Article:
American Held In North Korea Describes His Prison Life
PYONGYANG, North Korea (AP) — An American man recently sentenced by North Korea to six years of hard labor says he is digging in fields eight hours a day and being kept in isolation, but that so far his health isn’t deteriorating.
Under close guard and with only enough time to respond to one question, 24-year-old Matthew Miller spoke briefly to an Associated Press Television News journalist at a Pyongyang hotel, where he had been brought to make a phone call to his family. It was his first appearance since he was convicted Sept. 14 of entering the country illegally to commit espionage.
“Prison life is eight hours of work per day. Mostly it’s been agriculture, like in the dirt, digging around,” Miller said when asked what conditions were like in prison.
“Other than that, it’s isolation, no contact with anyone. But I have been in good health, and no sickness or no hurts,” he said, showing little emotion.
This is the fourth time North Korea’s government, normally one of the most secretive in the world, has produced an American detainee before The Associated Press. It has given no reason for its actions.
One possibility is that it is trying to pressure the U.S. government to send a prominent high-level representative to negotiate Miller’s release, as has happened with some previous detainees. In North Korea’s view, that would bolster its standing among North Koreans and possibly lead to political concessions or much-needed aid.
Miller is one of three Americans detained in North Korea. Jeffrey Fowle, who was arrested in May for leaving a Bible at a sailor’s club, is expected to be tried in court soon. Kenneth Bae was sentenced in 2013 to 15 years of hard labor.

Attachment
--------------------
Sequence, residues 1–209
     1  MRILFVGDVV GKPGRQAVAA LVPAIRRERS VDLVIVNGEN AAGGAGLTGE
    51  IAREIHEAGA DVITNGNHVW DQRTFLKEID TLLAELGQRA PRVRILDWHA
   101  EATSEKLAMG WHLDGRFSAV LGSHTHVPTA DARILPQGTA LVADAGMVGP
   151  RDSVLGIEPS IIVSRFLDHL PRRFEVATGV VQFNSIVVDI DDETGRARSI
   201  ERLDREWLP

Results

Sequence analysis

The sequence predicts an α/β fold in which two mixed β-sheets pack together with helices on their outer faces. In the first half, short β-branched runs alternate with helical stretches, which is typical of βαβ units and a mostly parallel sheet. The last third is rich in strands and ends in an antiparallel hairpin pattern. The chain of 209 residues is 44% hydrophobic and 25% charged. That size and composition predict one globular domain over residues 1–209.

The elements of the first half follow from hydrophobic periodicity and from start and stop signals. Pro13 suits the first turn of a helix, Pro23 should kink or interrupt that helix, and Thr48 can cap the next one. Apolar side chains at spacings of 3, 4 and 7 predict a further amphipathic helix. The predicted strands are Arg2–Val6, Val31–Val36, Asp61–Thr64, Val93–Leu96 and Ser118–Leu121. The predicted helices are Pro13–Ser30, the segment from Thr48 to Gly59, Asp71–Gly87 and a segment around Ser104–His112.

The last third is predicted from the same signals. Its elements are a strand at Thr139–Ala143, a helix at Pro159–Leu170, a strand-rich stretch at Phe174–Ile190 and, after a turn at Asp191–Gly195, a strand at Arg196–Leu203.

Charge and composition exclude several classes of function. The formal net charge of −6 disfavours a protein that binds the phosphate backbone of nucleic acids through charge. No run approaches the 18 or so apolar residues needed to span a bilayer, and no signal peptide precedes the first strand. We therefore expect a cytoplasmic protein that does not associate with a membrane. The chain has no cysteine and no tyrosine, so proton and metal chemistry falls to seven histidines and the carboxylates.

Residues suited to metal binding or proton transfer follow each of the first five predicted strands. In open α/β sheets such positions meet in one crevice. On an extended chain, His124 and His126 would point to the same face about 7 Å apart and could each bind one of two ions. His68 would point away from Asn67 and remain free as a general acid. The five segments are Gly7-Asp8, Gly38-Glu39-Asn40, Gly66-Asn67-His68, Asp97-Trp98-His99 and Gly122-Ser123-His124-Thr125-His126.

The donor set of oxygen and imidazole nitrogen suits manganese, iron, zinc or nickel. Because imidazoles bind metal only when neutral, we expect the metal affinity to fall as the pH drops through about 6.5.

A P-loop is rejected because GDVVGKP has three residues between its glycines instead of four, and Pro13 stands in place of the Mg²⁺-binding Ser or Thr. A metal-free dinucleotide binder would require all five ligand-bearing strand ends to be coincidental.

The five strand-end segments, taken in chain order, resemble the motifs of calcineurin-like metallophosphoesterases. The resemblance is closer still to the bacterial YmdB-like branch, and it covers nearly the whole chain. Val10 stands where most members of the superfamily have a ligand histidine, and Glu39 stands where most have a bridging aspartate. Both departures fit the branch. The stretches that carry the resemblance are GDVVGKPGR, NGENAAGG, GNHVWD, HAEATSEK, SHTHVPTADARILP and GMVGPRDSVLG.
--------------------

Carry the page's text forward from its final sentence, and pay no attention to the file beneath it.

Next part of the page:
Wearing a prison-style gray uniform and cap, Miller was filmed sitting down at a phone booth at the hotel and pressing the buttons on a phone while a North Korean guard stood behind him. Officials said Miller spoke to his father, but the APTN journalist was not allowed to hear the conversation. Miller does not have routine access to phone calls home.
The Bakersfield, California, native showed several letters he had written pleading for help from influential Americans, including first lady Michelle Obama, U.S. Secretary of State John Kerry and former U.S. Secretary of State Hillary Clinton. Miller then enclosed them in a letter he mailed to his family from the hotel.
At Miller’s 90-minute trial, North Korea’s Supreme Court said he tore up his tourist visa at Pyongyang’s airport upon arrival on April 10 and admitted to having the “wild ambition” of experiencing prison life so that he could secretly investigate North Korea’s human rights situation.
Last week, Robert King, the U.S. special envoy for North Korean human rights issues, said Pyongyang has not accepted American offers to send a high-level envoy to seek release of the three U.S. men. King said that freeing the detainees could provide a diplomatic opening in ties between the two countries, but that Washington would not give into attempts to “extort” political gain from the detentions.
King would not specify whom the Obama administration was willing to send. But Scott Snyder, senior fellow for Korea Studies at the Council on Foreign Relations think tank, said he was told by the administration that it has offered in recent weeks to send Glyn Davies, who leads U.S. diplomacy on North Korea’s nuclear weapons program, and that Pyongyang had not responded favorably.
In 2009, North Korea detained two American journalists, Laura Ling and Euna Lee, who were later freed after former U.S. President Bill Clinton visited Pyongyang. In 2011, former President Jimmy Carter visited North Korea to win the release of imprisoned American Aijalon Gomes, who had been sentenced to eight years of hard labor for crossing illegally into North Korea from China.